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April 9, 2012

What can we plant in April in Florida

In April we are getting close to be done with the cool weather season crop and are getting ready for the warm weather harvest; so all in all, April is a very fruitful month. My garden is in full bloom and glory, although in need of daily watering: the weather has been unusually hot and dry.

My favorite grape tomatoes are about my height now and are covered with blooms and tomatoes:

Cucumbers (Sumter) love climbing and producing some nice cukes, but need daily watering:

Squash survived the borer attack with the help of aluminum foil and is ready to start showing some nice fruit as well.

And of course, some sun flowers for the faithful chickens:

But back to the original question: what can we plant in April? It would be seriously stretching it to start even warm weather vegetables, such as tomatoes and peppers, from seed now. It will be simply too hot for them to survive and produce in the dog heat of June and July. You could still seed some beans now (I like Kentucky Wonder), as well as cow peas, okra, and plant sweet potato slips.

If I was just starting a brand new garden now, knowing what I know now, I would concentrate on building the soil. If you are in that situation, just get yourself a few containers of tomatoes and peppers from the box store and keep them in some dappled shade - for the feeling of accomplishment of your gardening efforts. But to prepare for the fall season planting, start getting as much plant material as you can get and build your compost piles. I like a two-box method: you pile plant material in the first box until it gets about waist high, then water it about twice a week and turn when you can, and in about a month or so transfer the whole pile into the second box.

The original pile will be greatly diminished by breaking down, so the contents of the second box will be much smaller than the original. Keep filling the first box. Once again, when it gets to be waist high, empty the second box into the garden, and transfer the contents of the first box to the second one. And so on, ad infinitum. This is hard work, but very rewarding in the quality of your garden soil.


  1. Ah yes April is here. I am going to be planting some sweet potato slips as soon as they arrive. Also am going to try some corn. I haven't tried corn in several years.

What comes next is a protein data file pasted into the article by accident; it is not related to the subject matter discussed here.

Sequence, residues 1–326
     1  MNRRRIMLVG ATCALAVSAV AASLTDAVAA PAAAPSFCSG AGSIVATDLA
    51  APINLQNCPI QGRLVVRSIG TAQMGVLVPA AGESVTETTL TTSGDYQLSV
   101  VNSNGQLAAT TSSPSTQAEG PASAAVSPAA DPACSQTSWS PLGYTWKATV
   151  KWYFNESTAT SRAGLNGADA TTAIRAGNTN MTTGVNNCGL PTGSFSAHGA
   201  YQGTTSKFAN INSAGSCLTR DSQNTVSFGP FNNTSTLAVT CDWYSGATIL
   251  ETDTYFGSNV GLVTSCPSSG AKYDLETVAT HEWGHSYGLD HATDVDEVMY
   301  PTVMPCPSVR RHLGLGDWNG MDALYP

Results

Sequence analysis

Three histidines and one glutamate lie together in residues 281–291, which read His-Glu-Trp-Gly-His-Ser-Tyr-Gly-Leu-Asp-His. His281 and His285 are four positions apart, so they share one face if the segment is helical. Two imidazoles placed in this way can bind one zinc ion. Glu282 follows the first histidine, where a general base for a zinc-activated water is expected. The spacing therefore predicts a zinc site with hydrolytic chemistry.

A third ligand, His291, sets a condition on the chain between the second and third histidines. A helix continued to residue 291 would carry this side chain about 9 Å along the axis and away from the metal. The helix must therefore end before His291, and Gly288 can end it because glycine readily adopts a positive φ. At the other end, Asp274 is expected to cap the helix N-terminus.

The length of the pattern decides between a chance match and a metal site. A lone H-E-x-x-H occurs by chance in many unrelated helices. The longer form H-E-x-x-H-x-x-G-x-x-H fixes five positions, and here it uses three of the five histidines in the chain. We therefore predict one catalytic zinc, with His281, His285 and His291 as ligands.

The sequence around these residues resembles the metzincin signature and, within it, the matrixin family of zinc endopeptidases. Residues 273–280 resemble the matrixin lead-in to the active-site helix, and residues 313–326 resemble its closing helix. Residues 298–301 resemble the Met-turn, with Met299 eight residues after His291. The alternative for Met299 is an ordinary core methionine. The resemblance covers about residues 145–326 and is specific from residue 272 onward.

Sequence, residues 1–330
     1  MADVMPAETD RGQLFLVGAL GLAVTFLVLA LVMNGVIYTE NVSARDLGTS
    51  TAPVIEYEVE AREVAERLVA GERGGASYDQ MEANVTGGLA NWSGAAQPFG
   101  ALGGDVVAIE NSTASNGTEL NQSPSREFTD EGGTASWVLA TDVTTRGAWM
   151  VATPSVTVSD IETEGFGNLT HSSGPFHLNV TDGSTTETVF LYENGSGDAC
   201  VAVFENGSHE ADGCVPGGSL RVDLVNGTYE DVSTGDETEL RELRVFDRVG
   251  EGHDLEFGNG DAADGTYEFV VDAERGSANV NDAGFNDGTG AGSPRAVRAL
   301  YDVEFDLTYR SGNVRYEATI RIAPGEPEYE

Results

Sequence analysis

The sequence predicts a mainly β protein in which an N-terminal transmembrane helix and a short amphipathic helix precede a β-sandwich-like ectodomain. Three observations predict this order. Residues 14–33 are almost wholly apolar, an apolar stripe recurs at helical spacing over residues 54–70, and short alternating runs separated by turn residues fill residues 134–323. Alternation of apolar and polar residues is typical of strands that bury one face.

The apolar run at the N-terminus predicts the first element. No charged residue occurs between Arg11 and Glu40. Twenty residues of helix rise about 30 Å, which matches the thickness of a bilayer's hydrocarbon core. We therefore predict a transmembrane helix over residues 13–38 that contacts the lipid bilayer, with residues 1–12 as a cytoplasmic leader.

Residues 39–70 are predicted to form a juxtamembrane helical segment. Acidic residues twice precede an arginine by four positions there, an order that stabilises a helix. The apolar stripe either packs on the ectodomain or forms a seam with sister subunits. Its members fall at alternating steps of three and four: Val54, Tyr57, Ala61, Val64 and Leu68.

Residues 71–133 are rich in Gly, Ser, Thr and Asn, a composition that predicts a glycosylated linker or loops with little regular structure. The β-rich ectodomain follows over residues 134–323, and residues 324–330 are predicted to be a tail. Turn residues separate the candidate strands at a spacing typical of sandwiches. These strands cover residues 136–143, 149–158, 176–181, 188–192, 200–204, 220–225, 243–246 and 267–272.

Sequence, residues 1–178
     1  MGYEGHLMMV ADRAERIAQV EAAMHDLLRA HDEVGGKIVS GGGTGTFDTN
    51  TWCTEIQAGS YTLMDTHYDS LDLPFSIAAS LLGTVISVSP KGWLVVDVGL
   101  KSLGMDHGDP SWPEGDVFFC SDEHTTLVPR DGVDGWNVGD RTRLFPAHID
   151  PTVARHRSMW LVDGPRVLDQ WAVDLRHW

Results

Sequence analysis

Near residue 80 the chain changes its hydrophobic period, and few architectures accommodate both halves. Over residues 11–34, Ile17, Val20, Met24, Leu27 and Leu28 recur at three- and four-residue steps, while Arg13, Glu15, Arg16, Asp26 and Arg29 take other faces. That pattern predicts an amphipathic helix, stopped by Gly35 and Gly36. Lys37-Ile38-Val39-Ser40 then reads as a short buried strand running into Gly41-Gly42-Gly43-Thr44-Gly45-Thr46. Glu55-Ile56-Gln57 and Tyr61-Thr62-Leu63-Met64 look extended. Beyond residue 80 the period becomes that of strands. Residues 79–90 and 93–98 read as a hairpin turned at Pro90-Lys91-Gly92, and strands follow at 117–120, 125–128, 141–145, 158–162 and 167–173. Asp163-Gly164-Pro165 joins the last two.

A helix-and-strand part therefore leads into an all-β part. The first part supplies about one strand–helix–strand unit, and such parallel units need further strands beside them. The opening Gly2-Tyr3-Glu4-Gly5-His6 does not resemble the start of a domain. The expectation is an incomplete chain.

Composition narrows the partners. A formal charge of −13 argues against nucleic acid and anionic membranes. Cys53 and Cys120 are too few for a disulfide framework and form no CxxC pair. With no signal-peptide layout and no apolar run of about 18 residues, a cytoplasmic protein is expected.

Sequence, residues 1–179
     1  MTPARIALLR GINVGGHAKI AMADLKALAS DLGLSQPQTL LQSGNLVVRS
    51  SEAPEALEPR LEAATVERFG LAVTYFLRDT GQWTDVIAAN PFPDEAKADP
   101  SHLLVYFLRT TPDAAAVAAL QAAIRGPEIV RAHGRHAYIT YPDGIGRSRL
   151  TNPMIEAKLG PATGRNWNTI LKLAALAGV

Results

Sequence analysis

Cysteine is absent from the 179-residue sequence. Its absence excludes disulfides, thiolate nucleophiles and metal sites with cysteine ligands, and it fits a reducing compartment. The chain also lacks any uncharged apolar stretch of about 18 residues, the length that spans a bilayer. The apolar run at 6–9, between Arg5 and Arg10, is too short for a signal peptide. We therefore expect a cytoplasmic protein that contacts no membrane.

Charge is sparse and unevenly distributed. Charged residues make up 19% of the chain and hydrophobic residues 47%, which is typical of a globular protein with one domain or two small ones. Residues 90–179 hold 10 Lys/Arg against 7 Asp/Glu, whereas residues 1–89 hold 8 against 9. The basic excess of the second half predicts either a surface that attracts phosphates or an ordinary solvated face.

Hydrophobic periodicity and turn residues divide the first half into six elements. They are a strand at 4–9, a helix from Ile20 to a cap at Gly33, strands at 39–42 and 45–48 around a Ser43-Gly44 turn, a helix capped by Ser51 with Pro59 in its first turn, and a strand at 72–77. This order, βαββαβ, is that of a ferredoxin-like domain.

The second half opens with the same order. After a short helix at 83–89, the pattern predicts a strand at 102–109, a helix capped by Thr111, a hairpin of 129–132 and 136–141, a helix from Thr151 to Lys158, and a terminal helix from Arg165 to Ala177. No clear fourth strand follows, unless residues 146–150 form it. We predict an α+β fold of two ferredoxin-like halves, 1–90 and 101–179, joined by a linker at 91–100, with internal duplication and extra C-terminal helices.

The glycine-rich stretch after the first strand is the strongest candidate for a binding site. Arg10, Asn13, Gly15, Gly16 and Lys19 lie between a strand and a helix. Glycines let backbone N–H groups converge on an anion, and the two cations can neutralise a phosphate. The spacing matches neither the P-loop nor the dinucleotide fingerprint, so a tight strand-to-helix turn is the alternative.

Your squash looks real healthy. Mine got attacked heavily by pickle worms. I can't seem to get them under control and don't want to use any chemical pesticides.

    Wish I could have some chickens. Nothing like fresh organic eggs from free range chickens.

  2. Tim, have you thought of using Neem oil? It's completely organic. They sell it at Tractor Supply.

    1. That seems like a great idea. I've never tried neem oil but knew about it. Usually even with the pickle worms I still would get plenty of zucchini but last year and this year it seems like they are out of control and every flower and fruit on the zucchini has been damaged. I will take your advice and try it next time I plant summer squashes.

  3. What are all of those pretty orange flowers in the first picture? Also i noticed that your sunflowers are tied up, what's the tip there?
    Won't eggplant do well in the summer? I just got some small plants into my last bed.
    Great pictures and blog :)

    1. Funny that you asked! (Sorry, missed your comment)
      These pretty orange flowers are Cosmos. Beware! Once you have them in your garden, you will always have them. They reseed freely whenever the mood strikes them. But, at the same token, you can pull young plants if you don't want them to grow.

      Sunflower, like corn, like to bend and lay on the ground if we have heavy rain or wind. If you kind of tie off a bunch of sunflowers together, they are more likely to withstand the rain.

      Eggplants are kind of perrenial in Florida. So yes, if you you have them established before the heat they would fruit through the summer and beyond. But to start them from seed you should think of Spring or Fall season timelines. After that - lots of eggplant.



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